Card-jugglers share their tips for managing lots of cards

You don’t need to have a wallet bursting with cards to get an excellent credit score or earn rewards. But, for some, an arsenal of plastic is vital to their credit and rewards strategies.

That’s why we asked some card-jugglers (including one with 45 cards) to share which tricks, tools and apps they use to manage their large collections – and what they’re getting out of having so many cards.stack of credit cards

Note: While nobody should get more cards than they can handle, we recognize that, in the hands of those who are disciplined and organized, they can have many benefits.

Rand Shoaf, founder of

Number of cards: 15

Why that many?: Each one of those cards gives Shoaf a specific travel benefit (lounge access, elite status with hotels and free checked baggage on various airlines).

“Basically the benefits outweigh the cost of having each card if it has an annual fee,” he says.

How he keeps track: A Google Docs spreadsheet helps Shoaf track rewards, sign-up dates and required spending amounts for bonuses. His travel plans determine which cards are actually in his wallet at any given time.

“If I know I have upcoming travel and want to earn certain rewards, I’ll throw that card in my wallet for upcoming spending,” Shoaf says.

Clint Johnston, founder of Triphackr

Number of cards: 6 currently (fluctuates throughout the year)

Why that many?: It’s about the rewards.

“The fastest way to grow your miles and points bank is to open multiple cards,” Johnston says.

How he keeps track: Automation is the theme of Johnston’s card-juggling strategy, and auto-pay ensures that all his cards are paid off in full and on time.card juggling quote_Johnston

“The key to card management is being responsible,” Johnston says. “It is easy to manage your money if things are automated, and you aren’t carrying a balance on your cards.”

For the other challenges (such as hitting a required spending amount for a sign-up bonus and knowing which card to use for a particular transaction), there are plenty of apps and online tracking tools. Johnston recommends TPG To Go, an app from The Points Guy.

Ariana Arghandewal, author of Pointchaser

Number of cards: About 12 currently (plans to cancel several soon)

Why that many?: Arghandewal flexes her cards for rewards and elite benefits.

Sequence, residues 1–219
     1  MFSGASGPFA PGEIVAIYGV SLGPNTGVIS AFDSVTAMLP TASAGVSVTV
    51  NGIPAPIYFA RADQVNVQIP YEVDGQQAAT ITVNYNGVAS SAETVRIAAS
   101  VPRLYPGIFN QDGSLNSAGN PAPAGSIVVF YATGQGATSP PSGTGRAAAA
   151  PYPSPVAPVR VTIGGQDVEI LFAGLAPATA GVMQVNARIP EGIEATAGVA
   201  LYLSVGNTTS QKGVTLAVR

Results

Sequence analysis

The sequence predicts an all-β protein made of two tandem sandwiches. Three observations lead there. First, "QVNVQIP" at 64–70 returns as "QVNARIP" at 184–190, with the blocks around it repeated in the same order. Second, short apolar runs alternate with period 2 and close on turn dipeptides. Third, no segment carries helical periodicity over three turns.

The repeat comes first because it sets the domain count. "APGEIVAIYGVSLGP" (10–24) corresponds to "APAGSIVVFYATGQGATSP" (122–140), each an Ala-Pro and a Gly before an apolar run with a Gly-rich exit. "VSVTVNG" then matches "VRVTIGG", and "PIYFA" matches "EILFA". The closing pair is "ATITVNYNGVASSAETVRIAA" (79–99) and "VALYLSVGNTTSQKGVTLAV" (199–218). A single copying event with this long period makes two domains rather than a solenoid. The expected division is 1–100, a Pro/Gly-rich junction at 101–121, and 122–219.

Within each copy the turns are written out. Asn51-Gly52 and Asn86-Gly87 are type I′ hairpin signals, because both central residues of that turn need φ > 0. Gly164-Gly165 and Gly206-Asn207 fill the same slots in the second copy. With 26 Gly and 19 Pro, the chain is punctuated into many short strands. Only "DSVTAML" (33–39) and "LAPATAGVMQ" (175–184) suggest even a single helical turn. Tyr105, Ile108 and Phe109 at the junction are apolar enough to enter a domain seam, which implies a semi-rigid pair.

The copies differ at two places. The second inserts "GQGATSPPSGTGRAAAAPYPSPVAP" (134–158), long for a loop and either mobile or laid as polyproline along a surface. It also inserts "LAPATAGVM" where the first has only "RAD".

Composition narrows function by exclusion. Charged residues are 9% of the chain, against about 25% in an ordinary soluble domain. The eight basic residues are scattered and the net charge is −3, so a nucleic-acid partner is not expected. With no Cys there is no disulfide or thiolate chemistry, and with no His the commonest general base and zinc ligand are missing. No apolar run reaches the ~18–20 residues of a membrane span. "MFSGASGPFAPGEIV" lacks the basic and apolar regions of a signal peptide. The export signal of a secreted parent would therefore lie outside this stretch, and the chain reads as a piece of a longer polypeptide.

“I applied for most of these cards for the sign-up bonus alone,” she says. “Others offer recurring benefits like generous category bonuses, annual free hotel nights and elite status, which make them worth keeping long term.”

How she keeps track: helps Arghandewal keep track of her rewards balances. For the more mundane aspects of organizing her cards, she uses a “very basic spreadsheet” to track card balances, due dates and spending requirements for bonuses (as well as the progress she’s made so far). Culling the herd is also part of her strategy, and her spreadsheet also includes notes about when she plans to cancel her cards if their benefits don’t justify the annual fee.

Scott Bilker founder of and author of “Talk Your Way out of Credit Card Debt”

Number of cards: About 45

Why that many? Lots of cards means lots of credit options and less stress about an issuer changing its terms for the worse.

“If one tries something, or tries to raise my rate, I’ve got 44 other cards,” Bilker says.

In addition, because some cards change their reward bonus categories throughout the year, having a battery of cards ensures you’re earning extra rewards practically year round.

How he keeps track: Bilker uses Quicken to track his spending (“I can see everything I’ve spent since 1989,” he says) and also uses a Google Docs spreadsheet to track his cards. Integrating the spreadsheet with Google Calendar helps him stay on top of time-sensitive issues, such as soon-to-expire balance transfer deals.

“Let’s say I have a balance transfer deal on a card that expires in January,” Bilker says. “I have to mark the calendar for November with an alarm to let me know I’ve got to do something with this before interest starts being applied.”

Ryan Lile, Founder of Frequent Flyer Academy

Number of cards: 4 that earn rewards

Why so many?: “The best frequent flier strategy is to use the right card in the right place,” Lile says.

For example, you might use one card as a general spending card, others to book flights on particular airlines and others for sign-up bonuses and perks.Card juggling quote_Lile

How he keeps track: Lile has a consistent strategy and then uses cards to fill specific roles.

His “rule of thumb,” he says, is to keep the Starwood Preferred Guest card from American Express (a CreditCardForum advertising partner) for general spending (because of its high point-redemption value) and a co-branded card for the main airline he flies.

“Any other cards would need to offer a benefit of some kind,” Lile says. “Beyond your core cards, wait for a really good deal.”

Travis Sherry, founder of Extra Pack of Peanuts

Number of cards: 20+

Why that many?: “Definitely the rewards,” Sherry says. “I make sure to open up the best cards for the type of spending I’m going to be doing so I can maximize sign-up bonuses and category bonuses.”

How he keeps track: Although he has more than 20 cards, only a few are in his wallet at any one time. The rest are stored safely until they’re needed for a very specific purchase or promotion. tracks his points, while a basic spreadsheet helps him log when a card was opened or closed, the credit limit and how much he needs to spend for a bonus.

“I’ve also found that batching when I open cards helps me keep track of when the annual fees are due so I don’t forget,” Sherry says. “Instead of opening one card this week, one card the next week, and one card the following, I’ll open three cards on the same day.”

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